Scottish Charity Number: SCO36069

10th January 2011

Teacher Turned Author by Angus Yellowlees

Home | Footprinter Reports | Teacher Turned Author by Angus Yellowlees


Well, after an hour and a half on the plane down to London I finally met up with my housemates to be. They both seemed really friendly and at least as nervous as me, which was reassuring. We faffed around check-out for a bit, and then, eventually, got our act together and found our plane.

The flight to Ethiopia took just under nine hours, and from there it was another three hours to Zanzibar, but hey, at least we arrived.

Everything was crazy. I spent the whole car trip, from the airport to Makunduchi (Mak), completely open-mouthed. There was thick scrubland on either side of the road, dominated by massive baobabs and swaying coconut palms. Occasionally, I could see the ocean, stretching away and bordered with glittering, white beaches. No one said anything: we just sat in silence, staring.

We rolled in to Mak at about two in the afternoon so the sun was already baking down. Our accommodation, we discovered, was a luxurious (by local standards) concrete house, complete with a garishly painted Zanzigap on the porch wall.

We chose our rooms and mosquito nets, and crashed on the sofa: it’d been a long trip.

We have no running water, so showering involves a bucket and flannel, and the toilet is just a porcelain-clad hole in the ground. In our second week, we got a blockage, so wrapped in a bin bag, I shoved my hand down to fix it. Fun!

So, yeah, life is basic, but it’s an experience at least. Mostly we eat bread and fish in the morning, rice and some kind of sauce for lunch, and more bread and spiced tea for dinner. For all three of us, this costs 50,000 Tzsh per week, which is about £20.


Where to start?

The teaching here is very different from at home. For one thing it is clear that the vast majority of teachers do not teach for teaching’s sake but do it purely for an income. This combined with a no-overtime pay policy, means that often teachers don’t bother turning up for class! I asked one of the staff at Kajengwa School, and apparently you can be off for two weeks without having your monthly pay cut. Of course you have to provide a reason but apparently joining in with a general election campaign is reason enough. Also some kids don’t turn up to school because they have to wonder the students fail their exams. Everything points to the question: in a society where faith and politics have precedence over education, what hope is there for social advance?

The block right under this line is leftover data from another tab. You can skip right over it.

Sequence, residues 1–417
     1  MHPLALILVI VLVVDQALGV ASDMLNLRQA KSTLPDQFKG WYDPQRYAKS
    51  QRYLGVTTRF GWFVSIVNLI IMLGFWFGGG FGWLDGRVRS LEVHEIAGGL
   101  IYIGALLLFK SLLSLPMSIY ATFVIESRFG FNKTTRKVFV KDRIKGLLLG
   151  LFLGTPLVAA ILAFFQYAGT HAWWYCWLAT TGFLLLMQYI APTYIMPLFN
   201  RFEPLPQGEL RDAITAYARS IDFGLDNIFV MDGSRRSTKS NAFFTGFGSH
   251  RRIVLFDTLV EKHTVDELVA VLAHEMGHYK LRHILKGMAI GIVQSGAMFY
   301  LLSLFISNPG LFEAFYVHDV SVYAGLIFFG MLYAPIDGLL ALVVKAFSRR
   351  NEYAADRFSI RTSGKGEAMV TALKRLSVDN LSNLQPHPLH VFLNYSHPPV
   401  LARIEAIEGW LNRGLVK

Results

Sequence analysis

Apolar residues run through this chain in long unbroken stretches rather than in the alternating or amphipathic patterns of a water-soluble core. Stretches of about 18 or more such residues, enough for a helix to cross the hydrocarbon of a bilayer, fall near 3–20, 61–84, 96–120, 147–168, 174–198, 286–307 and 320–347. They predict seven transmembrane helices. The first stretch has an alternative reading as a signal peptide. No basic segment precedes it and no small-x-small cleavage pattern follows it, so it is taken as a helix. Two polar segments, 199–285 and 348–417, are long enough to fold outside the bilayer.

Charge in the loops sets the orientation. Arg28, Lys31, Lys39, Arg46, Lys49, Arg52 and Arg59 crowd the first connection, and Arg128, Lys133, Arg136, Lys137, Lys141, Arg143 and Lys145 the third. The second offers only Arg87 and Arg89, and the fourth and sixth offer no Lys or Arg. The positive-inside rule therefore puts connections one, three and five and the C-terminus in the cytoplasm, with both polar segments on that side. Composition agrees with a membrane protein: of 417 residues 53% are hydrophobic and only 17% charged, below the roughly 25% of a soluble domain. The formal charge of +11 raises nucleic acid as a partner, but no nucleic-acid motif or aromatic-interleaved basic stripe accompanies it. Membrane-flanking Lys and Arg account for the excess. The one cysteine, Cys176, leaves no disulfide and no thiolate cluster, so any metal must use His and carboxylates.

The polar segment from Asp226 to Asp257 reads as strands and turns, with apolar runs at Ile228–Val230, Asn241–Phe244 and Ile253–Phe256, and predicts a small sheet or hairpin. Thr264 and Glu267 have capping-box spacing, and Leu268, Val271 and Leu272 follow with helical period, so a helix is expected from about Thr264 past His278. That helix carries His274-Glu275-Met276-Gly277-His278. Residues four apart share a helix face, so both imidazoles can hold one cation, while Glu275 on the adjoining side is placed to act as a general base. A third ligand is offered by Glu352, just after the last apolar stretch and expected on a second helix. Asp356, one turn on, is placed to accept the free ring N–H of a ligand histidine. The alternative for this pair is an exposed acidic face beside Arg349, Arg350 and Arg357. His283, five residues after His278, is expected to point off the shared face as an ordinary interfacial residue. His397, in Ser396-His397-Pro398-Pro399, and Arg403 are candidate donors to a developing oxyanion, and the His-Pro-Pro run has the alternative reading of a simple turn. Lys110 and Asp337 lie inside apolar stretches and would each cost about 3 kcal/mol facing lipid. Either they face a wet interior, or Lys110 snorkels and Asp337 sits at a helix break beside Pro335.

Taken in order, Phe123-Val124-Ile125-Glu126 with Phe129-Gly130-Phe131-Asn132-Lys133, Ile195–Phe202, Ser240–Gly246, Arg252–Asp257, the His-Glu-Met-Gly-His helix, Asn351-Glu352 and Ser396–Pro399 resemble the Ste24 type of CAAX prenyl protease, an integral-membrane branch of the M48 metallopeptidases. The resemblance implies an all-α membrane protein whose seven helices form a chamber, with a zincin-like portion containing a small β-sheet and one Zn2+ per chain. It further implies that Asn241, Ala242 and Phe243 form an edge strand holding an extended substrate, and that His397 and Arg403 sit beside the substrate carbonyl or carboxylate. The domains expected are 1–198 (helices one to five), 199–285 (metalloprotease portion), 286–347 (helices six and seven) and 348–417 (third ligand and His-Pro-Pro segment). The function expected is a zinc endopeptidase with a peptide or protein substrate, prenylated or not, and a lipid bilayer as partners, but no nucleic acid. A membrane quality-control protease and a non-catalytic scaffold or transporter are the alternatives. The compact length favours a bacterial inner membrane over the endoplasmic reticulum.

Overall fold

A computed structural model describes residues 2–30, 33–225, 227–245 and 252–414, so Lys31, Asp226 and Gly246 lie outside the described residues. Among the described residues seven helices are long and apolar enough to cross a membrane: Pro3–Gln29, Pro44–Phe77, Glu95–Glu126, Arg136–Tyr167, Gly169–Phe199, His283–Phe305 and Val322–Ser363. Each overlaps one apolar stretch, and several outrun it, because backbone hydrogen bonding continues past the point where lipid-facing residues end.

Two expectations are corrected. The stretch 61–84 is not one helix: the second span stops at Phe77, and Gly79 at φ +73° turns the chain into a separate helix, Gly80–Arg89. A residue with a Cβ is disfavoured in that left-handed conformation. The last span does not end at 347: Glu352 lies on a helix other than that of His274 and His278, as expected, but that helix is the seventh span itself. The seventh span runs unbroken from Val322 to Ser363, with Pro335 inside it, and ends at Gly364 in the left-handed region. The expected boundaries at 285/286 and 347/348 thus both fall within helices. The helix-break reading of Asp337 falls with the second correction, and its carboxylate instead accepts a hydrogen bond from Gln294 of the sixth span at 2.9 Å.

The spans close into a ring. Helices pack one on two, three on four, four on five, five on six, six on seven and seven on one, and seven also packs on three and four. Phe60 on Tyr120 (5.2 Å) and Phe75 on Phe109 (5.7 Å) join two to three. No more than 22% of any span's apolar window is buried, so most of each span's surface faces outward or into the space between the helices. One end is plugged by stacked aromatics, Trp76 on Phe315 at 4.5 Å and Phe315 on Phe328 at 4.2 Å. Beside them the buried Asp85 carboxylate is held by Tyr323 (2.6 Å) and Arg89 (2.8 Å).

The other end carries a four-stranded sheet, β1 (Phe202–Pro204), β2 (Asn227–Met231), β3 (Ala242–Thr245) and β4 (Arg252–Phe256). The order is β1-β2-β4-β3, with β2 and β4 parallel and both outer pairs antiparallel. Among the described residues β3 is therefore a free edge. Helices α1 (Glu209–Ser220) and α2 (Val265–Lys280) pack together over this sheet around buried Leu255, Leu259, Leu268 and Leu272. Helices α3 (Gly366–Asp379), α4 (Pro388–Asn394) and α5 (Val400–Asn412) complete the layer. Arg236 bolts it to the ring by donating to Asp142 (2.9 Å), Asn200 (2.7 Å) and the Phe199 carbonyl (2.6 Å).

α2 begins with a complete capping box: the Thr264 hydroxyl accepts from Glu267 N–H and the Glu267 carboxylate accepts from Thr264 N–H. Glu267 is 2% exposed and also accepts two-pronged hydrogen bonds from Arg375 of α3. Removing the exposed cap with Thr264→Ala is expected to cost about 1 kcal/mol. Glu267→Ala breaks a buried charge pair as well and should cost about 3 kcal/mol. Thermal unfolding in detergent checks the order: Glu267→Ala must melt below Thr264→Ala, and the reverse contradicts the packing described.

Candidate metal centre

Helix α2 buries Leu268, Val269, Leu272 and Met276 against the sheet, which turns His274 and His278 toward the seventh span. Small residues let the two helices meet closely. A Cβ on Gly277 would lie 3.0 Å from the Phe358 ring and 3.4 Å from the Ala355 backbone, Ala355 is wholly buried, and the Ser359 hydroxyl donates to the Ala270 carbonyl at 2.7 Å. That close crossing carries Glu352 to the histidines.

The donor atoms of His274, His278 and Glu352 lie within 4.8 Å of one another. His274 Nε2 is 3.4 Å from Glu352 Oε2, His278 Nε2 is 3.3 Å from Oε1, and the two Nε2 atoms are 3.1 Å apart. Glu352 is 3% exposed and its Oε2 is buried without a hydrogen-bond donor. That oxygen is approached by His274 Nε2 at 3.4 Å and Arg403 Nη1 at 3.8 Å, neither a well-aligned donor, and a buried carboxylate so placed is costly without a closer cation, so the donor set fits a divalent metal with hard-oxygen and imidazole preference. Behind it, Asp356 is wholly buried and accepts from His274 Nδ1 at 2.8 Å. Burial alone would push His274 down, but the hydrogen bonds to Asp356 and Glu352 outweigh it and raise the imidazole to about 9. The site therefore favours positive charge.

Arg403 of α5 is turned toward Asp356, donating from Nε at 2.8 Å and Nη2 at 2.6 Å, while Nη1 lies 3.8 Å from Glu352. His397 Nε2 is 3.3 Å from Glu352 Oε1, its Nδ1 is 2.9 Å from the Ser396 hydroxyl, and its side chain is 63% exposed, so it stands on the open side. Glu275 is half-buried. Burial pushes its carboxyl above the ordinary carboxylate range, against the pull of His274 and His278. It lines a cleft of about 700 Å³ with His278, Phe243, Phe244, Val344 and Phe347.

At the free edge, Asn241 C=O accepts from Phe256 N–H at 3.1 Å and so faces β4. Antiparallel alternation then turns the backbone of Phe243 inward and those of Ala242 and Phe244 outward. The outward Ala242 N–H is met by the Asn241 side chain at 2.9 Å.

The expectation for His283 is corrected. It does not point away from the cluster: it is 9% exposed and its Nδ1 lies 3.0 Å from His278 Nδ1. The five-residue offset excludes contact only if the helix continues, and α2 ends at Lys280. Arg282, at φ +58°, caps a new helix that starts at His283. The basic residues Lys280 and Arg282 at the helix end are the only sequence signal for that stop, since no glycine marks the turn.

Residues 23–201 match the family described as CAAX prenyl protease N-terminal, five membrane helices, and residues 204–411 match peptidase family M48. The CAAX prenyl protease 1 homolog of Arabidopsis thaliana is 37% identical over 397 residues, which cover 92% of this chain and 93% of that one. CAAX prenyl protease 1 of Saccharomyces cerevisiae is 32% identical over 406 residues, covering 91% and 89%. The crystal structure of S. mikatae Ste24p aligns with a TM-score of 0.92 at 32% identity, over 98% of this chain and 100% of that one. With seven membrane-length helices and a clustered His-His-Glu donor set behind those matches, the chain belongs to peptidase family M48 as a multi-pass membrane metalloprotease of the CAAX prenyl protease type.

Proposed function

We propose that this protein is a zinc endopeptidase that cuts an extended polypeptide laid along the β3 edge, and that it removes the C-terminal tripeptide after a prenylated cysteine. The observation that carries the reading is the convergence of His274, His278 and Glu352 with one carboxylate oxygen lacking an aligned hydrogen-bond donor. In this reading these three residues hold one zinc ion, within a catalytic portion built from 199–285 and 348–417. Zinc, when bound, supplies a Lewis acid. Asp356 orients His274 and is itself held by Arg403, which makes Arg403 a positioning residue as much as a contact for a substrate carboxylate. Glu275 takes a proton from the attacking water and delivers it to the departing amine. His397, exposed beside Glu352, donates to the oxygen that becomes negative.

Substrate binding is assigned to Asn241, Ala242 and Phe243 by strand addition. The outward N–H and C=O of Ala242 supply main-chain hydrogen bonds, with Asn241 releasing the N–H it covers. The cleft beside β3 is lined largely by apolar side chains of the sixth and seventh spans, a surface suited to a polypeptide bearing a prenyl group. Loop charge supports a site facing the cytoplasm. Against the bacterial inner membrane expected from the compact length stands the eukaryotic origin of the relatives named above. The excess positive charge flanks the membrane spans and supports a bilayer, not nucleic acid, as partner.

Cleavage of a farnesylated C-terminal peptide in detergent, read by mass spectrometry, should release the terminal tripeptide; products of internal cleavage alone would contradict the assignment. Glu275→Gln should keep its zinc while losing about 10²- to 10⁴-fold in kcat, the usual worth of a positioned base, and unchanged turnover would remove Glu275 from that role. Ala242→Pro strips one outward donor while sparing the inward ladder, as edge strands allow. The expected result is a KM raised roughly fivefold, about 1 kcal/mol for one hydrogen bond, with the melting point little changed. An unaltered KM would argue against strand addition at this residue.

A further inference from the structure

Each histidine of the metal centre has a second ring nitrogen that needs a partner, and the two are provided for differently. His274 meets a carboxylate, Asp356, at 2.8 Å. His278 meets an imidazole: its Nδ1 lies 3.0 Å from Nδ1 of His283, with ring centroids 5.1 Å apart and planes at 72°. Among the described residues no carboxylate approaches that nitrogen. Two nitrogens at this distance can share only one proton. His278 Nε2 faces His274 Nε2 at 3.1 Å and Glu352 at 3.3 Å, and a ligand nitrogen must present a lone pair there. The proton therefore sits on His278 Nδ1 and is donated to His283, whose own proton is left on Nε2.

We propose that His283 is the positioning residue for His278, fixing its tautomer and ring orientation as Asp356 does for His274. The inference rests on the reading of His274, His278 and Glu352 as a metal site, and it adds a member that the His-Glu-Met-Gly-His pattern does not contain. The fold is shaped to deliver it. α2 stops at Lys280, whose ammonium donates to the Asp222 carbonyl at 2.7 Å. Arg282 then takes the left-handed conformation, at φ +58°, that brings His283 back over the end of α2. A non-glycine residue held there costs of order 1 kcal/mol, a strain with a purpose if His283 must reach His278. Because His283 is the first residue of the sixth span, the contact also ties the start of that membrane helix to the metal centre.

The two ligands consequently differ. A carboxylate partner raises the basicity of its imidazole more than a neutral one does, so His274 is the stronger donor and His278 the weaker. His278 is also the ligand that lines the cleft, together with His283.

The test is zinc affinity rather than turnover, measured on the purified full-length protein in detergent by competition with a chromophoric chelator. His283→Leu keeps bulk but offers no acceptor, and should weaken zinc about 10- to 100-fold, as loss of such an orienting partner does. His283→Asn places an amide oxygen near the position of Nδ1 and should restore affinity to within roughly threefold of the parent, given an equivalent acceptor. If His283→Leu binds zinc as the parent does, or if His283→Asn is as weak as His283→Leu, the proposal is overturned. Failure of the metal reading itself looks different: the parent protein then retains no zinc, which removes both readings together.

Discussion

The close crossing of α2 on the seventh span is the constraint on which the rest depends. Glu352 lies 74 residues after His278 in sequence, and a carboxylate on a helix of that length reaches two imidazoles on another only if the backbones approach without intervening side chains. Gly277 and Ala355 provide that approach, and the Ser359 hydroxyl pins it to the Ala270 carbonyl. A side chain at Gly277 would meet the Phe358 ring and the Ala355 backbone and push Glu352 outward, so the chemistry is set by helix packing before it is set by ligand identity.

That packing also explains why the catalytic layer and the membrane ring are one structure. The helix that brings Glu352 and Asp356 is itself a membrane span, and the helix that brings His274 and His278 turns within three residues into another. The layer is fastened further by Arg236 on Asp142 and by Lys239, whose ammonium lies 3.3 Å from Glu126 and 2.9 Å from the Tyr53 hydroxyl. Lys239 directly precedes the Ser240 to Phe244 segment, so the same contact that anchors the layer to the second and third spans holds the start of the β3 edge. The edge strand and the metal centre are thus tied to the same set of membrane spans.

Answer: not a lot!

So anyway (rant over) I was thrown in the deep end as far as teaching is concerned. After reviewing only one lesson I was asked to take Form One double Physics unsupervised. Thankfully, the kids are pretty well behaved, so it turned out OK. So now, I teach English and Physics at Kiongoni School, and just physics at Kajengwa. Both classes are Form One, which is aged at about 15-17, but the syllabus is more like third year stuff.

Rant two:

The textbooks here are useless! I have adopted a new teaching strategy that basically avoids the textbooks entirely, because they are often grammatically incorrect, posing impossible questions, or just generally wrong. This is not such a problem in English as I can use basic grammar lessons, but in Physics, the topics are in the wrong order. It is so difficult to define force, when the teachers haven’t bothered to teach their pupils the meaning of basic physical quantities like speed, mass and acceleration.

It’s not all doom and gloom though.

Last week I had to set my class an English exam, which I made relatively difficult. The good news is the majority achieved over forty percent and Halima got eighty five percent.

Otherwise teaching has been a very sudden reality check. In Britain, we take our education for granted, but everything here shows us just how lucky we are.

Life in General:

I have now finished teaching for this term as the Form Two’s have exams and then there is a months holiday. My friend is coming out to visit, and we are going to visit the North of Zanzibar, which is apparently really nice. I can’t believe he’s arriving tomorrow. He’s staying until the 29th and then we are meeting up with a fellow volunteer, and backpacking for two weeks on the mainland. It should be really good, though I’m slightly apprehensive of the 7-hour bus trip without toilets or AC! I think we are going to tour the northern circuit of Tanzania, which means Arusha National Park, the Serengeti, Lake Victoria and some other places that have temporarily escaped me. There also a half plan to cross the border into Kenya and visit Nairobi, although my travel guide reckons it’s the most dangerous city in Africa! I’m not sure if it’ll happen because sorting visa’s is usually a bit of a faff.

In other news, I’m writing a book! It’s going to be a sort of semi autobiographical, cult-fiction thriller set on Zanzibar. I’ve written fifty pages so far and it’s going fairly well. The prologue is my description of Africa and Zanzibar, so I shall attach it to the email.

Anyway, amongst swimming with dolphins, visiting paradise beaches and teaching, I am having n amazing time. Everything is so new and different it’s quite tiring to try and take it all in, but I think I’ll cope. That’s all for now but I shall write again after Christmas when things have died down a bit.

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